Recreation, Fish & Wildlife students at Selkirk College get the opportunity to take their classroom learning out into the community. Recently, students worked with Central Kootenay Invasive Species Society on managing invasive plants.
by James Panozzo on October 17, 2019
Today, myself among the other Selkirk College Recreation Fish and Wildlife students visited Beaver Creek Provincial Park. We were greeted by three friendly members of the Central Kootenay Invasive Species Society (CKISS). We all gathered in a gazebo while Laurie informed students about the CKISS program.
CKISS is a non-profit society developed with the intent of promoting collaborative approaches to invasive species management in the central Kootenays. They work to raise awareness and educate the public, government, and landowners about invasive species. By means of education they are preventing further introduction and spread of invasive species in the area. They also promote management of invasive species throughout agencies and landowners, working towards controlling highly invasive non-native species.
CKISS focuses on both terrestrial and aquatic invasive species through several different programs. The program Plant Wise helps plant growers, retailers, and landscapers across BC to become invasive-free.
Play Clean Go program is aiming to reduce the spread of invasive species through recreation by promoting trail users to arrive and leave recreation sites with clean clothing, gear, equipment and pets. Buy It Where You Burn It program is designed to promote buying firewood locally so not to introduce invasive pests or diseases. Clean Drain Dry program promotes users properly clean watercrafts and boating equipment in order to reduce the spread of invasive plants and organisms to BC waters.
After Laurie was finished informing us about CKISS we had the chance check out a display of invasive species that she had set up. This was very helpful to familiarize ourselves with the identification of invasive species. Shown below is a display of Zebra and Quagga invasive mussels.
Quite a number of invasive plant species were on display as well such as the hounds tongue shown below. Many of the displays featured a list of recommended management techniques as well as well as identifying features.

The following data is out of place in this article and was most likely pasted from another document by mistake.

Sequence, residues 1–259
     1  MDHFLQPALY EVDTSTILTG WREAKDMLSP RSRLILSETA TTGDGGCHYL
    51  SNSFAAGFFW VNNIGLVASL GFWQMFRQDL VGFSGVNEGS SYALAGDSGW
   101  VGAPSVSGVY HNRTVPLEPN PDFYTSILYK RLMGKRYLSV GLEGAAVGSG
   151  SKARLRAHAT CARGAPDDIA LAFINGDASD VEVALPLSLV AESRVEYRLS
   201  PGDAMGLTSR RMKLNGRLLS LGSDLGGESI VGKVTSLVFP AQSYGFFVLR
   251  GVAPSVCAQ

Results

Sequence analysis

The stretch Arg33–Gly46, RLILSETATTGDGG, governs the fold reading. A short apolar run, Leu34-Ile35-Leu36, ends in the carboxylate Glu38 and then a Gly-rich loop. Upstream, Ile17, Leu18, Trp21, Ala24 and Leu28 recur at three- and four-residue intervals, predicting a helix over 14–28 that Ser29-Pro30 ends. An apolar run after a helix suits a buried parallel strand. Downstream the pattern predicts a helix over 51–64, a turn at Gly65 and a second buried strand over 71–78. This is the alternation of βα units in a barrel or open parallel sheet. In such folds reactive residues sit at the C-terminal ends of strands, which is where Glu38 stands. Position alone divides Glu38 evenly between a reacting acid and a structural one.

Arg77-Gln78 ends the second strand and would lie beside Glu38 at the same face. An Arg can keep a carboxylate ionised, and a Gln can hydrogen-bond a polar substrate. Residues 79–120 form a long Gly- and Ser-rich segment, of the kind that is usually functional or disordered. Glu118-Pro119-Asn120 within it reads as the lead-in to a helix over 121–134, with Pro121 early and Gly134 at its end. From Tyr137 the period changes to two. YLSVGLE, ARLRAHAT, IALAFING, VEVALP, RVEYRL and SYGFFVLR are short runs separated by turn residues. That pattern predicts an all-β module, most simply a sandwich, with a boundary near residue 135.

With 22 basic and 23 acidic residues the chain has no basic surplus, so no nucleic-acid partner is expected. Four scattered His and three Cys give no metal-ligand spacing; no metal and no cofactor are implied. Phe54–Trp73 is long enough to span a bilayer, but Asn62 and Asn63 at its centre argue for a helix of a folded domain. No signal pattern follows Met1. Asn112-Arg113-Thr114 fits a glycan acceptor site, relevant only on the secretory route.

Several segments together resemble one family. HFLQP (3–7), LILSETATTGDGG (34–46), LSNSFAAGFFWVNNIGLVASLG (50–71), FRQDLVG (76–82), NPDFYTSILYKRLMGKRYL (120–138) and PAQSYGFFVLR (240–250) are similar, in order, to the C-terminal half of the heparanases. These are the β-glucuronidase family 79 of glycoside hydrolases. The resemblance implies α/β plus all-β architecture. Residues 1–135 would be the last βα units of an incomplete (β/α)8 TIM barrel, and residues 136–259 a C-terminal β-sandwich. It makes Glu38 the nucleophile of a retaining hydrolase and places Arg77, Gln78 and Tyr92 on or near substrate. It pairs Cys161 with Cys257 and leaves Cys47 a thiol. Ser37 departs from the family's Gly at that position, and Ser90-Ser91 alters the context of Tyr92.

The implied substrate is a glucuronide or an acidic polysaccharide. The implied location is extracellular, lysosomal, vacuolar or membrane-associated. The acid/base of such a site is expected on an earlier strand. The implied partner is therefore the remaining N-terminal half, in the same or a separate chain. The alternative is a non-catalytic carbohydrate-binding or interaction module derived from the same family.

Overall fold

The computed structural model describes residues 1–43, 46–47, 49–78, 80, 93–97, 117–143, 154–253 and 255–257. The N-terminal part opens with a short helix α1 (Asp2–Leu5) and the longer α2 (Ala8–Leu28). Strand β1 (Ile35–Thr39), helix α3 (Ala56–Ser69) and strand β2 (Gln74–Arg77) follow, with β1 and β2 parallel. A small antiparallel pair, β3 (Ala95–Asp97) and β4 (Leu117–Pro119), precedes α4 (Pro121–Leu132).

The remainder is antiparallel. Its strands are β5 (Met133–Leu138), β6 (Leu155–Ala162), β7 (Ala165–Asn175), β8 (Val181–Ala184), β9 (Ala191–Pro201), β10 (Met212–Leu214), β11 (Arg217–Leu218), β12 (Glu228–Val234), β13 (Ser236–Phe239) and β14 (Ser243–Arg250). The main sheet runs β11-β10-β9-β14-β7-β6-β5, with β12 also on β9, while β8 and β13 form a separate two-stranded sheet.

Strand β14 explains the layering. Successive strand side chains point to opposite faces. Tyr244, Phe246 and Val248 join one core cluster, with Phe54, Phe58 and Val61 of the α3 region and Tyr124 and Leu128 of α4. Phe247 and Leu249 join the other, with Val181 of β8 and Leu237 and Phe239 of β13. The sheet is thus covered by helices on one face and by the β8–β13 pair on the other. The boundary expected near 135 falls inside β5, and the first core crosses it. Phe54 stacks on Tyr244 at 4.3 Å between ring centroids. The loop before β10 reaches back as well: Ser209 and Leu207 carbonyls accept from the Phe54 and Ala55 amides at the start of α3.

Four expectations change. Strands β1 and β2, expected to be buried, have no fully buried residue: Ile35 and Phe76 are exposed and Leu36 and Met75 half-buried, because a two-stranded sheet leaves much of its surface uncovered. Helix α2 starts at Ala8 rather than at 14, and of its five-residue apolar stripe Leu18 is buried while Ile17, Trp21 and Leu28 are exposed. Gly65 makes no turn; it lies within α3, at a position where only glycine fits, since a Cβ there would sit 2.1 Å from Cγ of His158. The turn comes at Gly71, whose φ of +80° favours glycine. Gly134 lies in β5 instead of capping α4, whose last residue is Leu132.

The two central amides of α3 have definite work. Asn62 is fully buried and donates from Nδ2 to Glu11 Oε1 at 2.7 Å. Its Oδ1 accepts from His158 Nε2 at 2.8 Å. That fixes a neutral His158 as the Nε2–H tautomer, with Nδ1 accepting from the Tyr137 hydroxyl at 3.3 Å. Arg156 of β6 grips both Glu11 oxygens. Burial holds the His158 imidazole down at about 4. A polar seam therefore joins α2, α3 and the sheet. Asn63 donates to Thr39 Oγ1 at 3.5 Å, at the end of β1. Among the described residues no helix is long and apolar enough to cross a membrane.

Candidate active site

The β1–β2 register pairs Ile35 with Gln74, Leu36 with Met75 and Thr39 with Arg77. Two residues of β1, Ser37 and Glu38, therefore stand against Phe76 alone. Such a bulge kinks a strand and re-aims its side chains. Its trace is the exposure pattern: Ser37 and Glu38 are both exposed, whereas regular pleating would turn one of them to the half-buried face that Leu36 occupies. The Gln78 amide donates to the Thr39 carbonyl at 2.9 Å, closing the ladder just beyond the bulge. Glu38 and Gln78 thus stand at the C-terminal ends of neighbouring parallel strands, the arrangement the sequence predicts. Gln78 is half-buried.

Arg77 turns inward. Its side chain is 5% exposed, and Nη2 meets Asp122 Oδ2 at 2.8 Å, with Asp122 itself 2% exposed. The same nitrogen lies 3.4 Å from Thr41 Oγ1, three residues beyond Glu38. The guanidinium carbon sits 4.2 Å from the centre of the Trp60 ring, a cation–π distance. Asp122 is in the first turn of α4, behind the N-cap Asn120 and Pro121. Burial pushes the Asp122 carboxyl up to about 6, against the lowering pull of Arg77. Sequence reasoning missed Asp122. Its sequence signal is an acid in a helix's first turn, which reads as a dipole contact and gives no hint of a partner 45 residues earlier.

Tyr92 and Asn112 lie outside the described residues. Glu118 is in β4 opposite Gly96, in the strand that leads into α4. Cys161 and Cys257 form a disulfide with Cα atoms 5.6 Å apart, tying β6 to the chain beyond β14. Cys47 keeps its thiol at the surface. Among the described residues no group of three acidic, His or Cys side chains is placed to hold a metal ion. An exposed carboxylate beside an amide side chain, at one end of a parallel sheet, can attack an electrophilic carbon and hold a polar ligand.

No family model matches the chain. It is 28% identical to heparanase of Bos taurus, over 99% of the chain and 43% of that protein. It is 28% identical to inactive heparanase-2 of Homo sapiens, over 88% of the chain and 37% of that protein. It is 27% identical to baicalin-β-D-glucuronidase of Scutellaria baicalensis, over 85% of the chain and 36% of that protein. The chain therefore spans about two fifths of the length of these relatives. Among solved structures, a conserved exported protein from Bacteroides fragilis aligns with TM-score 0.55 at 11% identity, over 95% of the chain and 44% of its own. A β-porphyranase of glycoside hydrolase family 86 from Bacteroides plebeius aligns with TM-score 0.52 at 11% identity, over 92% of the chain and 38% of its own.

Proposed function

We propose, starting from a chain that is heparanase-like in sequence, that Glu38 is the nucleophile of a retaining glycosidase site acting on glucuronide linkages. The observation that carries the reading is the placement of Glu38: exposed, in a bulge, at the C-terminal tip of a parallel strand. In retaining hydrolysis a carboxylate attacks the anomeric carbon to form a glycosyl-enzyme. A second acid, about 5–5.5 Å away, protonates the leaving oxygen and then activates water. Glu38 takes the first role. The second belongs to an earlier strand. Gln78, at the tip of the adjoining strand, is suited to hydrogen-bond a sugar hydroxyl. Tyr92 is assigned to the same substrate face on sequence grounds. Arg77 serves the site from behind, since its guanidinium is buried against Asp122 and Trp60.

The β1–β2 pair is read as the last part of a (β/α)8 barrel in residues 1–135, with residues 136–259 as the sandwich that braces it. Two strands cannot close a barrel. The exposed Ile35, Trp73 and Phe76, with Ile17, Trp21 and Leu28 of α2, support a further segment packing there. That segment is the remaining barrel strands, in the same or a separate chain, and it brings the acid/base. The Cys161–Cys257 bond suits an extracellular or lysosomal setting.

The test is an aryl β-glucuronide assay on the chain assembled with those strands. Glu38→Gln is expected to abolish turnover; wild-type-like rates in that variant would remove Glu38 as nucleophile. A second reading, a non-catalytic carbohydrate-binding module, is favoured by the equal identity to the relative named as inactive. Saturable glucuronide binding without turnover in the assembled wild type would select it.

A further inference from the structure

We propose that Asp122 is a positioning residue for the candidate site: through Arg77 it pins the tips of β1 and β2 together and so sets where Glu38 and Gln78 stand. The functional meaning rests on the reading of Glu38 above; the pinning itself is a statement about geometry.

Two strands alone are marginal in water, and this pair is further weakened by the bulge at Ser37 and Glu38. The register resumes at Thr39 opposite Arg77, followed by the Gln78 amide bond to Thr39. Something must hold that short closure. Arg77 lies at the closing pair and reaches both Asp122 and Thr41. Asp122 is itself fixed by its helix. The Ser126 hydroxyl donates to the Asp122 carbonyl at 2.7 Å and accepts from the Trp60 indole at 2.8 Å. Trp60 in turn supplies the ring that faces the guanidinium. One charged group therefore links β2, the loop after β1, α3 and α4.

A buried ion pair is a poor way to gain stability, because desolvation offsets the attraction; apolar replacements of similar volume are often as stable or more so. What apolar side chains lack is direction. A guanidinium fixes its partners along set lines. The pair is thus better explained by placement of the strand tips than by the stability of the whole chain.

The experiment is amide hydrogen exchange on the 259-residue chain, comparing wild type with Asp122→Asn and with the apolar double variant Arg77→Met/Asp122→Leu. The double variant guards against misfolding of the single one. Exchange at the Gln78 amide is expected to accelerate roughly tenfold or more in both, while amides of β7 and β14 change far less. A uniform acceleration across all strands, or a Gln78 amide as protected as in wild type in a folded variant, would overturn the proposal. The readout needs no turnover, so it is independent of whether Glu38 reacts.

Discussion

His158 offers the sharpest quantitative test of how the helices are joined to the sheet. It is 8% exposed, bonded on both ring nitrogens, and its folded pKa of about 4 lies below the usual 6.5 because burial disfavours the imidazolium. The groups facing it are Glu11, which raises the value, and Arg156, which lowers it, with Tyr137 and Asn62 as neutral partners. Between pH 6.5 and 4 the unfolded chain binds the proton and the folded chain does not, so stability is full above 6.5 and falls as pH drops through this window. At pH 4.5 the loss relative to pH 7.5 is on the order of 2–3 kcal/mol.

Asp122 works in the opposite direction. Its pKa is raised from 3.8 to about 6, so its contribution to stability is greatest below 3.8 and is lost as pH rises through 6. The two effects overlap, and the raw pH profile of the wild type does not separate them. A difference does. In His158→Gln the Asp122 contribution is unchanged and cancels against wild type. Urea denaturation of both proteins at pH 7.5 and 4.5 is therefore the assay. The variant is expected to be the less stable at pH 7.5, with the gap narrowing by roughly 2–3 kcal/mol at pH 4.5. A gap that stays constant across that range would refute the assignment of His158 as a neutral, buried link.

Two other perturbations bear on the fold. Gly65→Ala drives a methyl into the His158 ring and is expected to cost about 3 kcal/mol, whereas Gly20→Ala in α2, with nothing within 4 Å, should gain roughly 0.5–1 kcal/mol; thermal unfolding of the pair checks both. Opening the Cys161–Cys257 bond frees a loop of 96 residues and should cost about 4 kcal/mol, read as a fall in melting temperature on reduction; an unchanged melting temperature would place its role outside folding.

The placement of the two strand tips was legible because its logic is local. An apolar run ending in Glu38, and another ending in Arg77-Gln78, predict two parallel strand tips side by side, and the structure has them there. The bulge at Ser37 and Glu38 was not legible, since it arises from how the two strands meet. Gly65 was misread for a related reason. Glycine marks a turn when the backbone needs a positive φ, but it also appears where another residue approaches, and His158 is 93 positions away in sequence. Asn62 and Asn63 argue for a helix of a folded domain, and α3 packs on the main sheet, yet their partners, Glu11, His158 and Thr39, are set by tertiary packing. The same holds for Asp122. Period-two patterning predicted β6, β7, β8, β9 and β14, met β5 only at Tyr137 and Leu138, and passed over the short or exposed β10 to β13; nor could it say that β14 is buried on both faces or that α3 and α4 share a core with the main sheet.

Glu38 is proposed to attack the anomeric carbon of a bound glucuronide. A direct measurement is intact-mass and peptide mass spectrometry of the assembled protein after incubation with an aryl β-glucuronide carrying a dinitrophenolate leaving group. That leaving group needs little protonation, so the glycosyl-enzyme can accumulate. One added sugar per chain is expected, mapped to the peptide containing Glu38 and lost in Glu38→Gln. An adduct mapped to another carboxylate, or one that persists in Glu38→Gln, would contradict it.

After familiarizing ourselves with invasive species, we were introduced to the restoration project. First off we had a look at the native plants that will be planted at the site. The list of plants included: dogwood, cottonwood, Oregon grape, chokecherry, black hawthorn, and common snowberry. A budget of $500 was spent on plants.
Laurie explained that the area is home to multiple blue listed species. These include two snake species: the Rubber Boa and the Northern Racer as well as a lizard the Western Skink. Students were directed not to disturb piles of rocks or coarse woody debris as they act as habitat for these reptiles. The group then took a walk through the restoration site and Laurie pointed out invasive species along the way. One of the invasive species identified was the red sorel (Rumex acetosella) seen below.
Invasive plants found within the restoration project were deadheaded and hand pulled, making sure that all plant matter is disposed of in garbage bags then sent to a landfill.
Native plants were planted in areas identified with flags by CKISS. All plants were watered and a flag was placed next to each plant so that a plant survivorship count can be recorded in the spring. This will identify how many plants made it through the winter.
Here is the finished product of a section right next to Beaver Creek. It was a good day of learning for the Recreation Fish and Wildlife class, and we were glad to be able to help CKISS with a good cause.